Reactive species mediated injury of human lung epithelial cells after hypoxia-reoxygenation

Chuanyu Li, Marcienne M. Wright, Robert M. Jackson

Research output: Contribution to journalArticlepeer-review

70 Scopus citations


This study tested the hypothesis that hypoxia exposure predisposed lung epithelial cells to reactive oxygen species-(ROS) mediated cellular injury. Human lung carcinoma cells (ATCC line H441) having epithelial characteristics (including lamellar bodies, surfactant protein [SP]-A, and SP-B) were cultured in air (air/5% CO2) or hypoxia (<1% O2/5% CO2) for 0 to 24 hours before imposition of oxidant stress. Cellular manganese superoxide dismutase (MnSOD) activity (units/mg protein) decreased significantly after 24 hours of hypoxia. In normoxic culture after hypoxia, the cells produced increased ROS, detected as dichlorofluorescein (DCF) fluorescence and H2O2 accumulation in medium. Antioxidants N-acetylcysteine (N-Ac) and ebselen inhibited increased DCF fluorescence after hypoxia. To test their ability to tolerate oxidant stress, some cells were incubated with antimycin A (100μM) and trifluorocarbonylcyanide phenylhydrazone (10μM) (anti A + FCCP), a mitochondrial complex III inhibitor and respiratory chain uncoupler, which together increase mitochondrial superoxide (O2-) and H2O2 production. Lung epithelial cells preexposed to hypoxia released more lactate dehydrogenase (LDH) than normoxic controls in response to increased O2- production. Increased LDH release from hypoxia-preexposed cells treated with anti A + FCCP was inhibited by I mM N-Ac. Rotenone and myxothiazole increased DCF oxidation more in hypoxic than in normoxic cells, suggesting that mitochondrial electron transport complex I may have been altered by hypoxia preexposure.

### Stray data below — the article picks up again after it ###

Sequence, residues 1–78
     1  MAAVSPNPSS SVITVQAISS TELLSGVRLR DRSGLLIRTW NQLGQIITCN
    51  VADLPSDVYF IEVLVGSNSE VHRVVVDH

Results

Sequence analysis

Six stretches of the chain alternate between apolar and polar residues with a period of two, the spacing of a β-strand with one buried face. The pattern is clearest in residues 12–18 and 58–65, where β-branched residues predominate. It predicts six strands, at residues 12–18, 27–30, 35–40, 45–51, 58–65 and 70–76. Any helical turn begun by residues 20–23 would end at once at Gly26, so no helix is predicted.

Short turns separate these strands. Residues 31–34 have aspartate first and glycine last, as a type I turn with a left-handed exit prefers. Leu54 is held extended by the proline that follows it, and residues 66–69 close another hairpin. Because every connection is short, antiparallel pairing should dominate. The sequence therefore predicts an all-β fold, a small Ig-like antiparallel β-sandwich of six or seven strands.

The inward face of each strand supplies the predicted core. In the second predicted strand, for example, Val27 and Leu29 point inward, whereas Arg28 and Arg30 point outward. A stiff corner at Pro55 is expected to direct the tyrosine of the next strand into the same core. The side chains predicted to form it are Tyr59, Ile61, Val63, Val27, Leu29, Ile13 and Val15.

Original languageEnglish (US)
Pages (from-to)373-389
Number of pages17
JournalExperimental Lung Research
Issue number5
StatePublished - 2002
Externally publishedYes


  • Alveolar
  • Apoptosis
  • Epithelium
  • Hypoxia
  • Reoxygenation
  • Superoxide

ASJC Scopus subject areas

  • Pulmonary and Respiratory Medicine


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